I’ve been on a bit of a hiatus from blogging in July. I could blame the heat. Or all the editing. But really, I just got a bit lazy. Anyway, I’m back today with a little story about learning to drive a stick shift. Enjoy.
Growing up in the United States, I didn’t know anyone who had a manual transmission in their car. I knew stick shifts existed from television, because television NEVER lies to us, but I thought a stick shift was something only truck drivers or race drivers or maybe the Dukes of Hazzard had to deal with (Note to self: Google whether The General Lee was a stick shift). When I learned to drive, I learned the way I thought everyone did – on a manual transmission.
When I went to Germany for my senior year of high school, I discovered everyone in Germany drove a manual transmission. Not a huge deal. I wasn’t allowed to drive anyway, which annoyed the heck out of me. Back then – you know, in the dark ages – the driver’s license you received at sixteen wasn’t probationary, but I still wasn’t allowed to drive in Germany as I was only seventeen. (Most European countries then required you to be eighteen to drive. The Netherlands is now experimenting with letting seventeen-year-olds get probationary licenses.)
My boyfriend at the time decided, without any prompting from me at all *winks*, to try to teach me to drive a stick shift. At which point I learned what everyone else in the world already knew, you never let someone with whom you are in a relationship try to teach you to drive. The admittedly amateur lessons didn’t last long. No worries. No one drives a stick shift anyway, right?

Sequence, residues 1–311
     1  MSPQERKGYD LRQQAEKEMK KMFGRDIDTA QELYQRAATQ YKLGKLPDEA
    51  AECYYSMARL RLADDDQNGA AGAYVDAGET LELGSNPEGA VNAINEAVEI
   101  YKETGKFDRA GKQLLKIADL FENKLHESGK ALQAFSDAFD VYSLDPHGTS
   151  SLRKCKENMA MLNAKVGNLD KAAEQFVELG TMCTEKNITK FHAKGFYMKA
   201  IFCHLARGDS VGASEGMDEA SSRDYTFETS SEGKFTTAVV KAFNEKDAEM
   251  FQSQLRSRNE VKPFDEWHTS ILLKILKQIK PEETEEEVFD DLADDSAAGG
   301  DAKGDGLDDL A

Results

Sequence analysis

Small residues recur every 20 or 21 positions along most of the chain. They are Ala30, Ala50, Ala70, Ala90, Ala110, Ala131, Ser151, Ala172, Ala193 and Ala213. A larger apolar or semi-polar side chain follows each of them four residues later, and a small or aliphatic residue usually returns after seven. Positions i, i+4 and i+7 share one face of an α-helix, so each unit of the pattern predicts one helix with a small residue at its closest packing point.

Then, I joined the military. Guess what? Not driving a stick shift was still not a problem. The military-grade HMMWV (aka Humvee) is an automatic. (They also roll quite easily, but that’s a story for another day.) But then I found myself back in Germany. I was stationed with NATO where we drove Mercedes SUVs with – you guessed it – a manual transmission.
After taking a written driver’s test, my sergeant ‘tested’ me to ensure I could drive a stick shift. He started by asking if I could drive a stick. My response? Sure. (I was a bit cocky back then.) This supposed check consisted of me driving from one base to another. Well, I ground the gears like the badass I was, but I didn’t stall the car so I passed.
Here’s where I ran into a tiny problem. I couldn’t actually drive the thing. And, oh yeah, I bought a car that was a stick shift as well. What was I thinking? I was thinking it was no big deal. And it wasn’t. Until it was.
As military police, we had several different outposts we needed to patrol. Patrolling in a car you can’t properly drive was probably not my smartest idea ever. One day I was driving on the autobahn – you know that carnival ride on which you can drive as fast as you want in Germany – and keeping it in fourth gear because I had yet to try fifth gear. *Hangs head in shame* My Danish male colleague kept egging me on to try to put it in fifth gear. I think he was tired of hearing the engine whine. Finally, I decided to try it. Guess what? It was no big deal. That’s the moment I consider as the one in which I actually finally learned to drive a stick shift.
And now? Now, Europeans are falling on the automatic band wagon. Not me. Once I figured out the whole how-to-shift-without-grinding-gears-or-stalling-the-car thing, I fell in love with driving a stick. So, my current car is a stick shift as was the previous one and the one before that… you get my drift.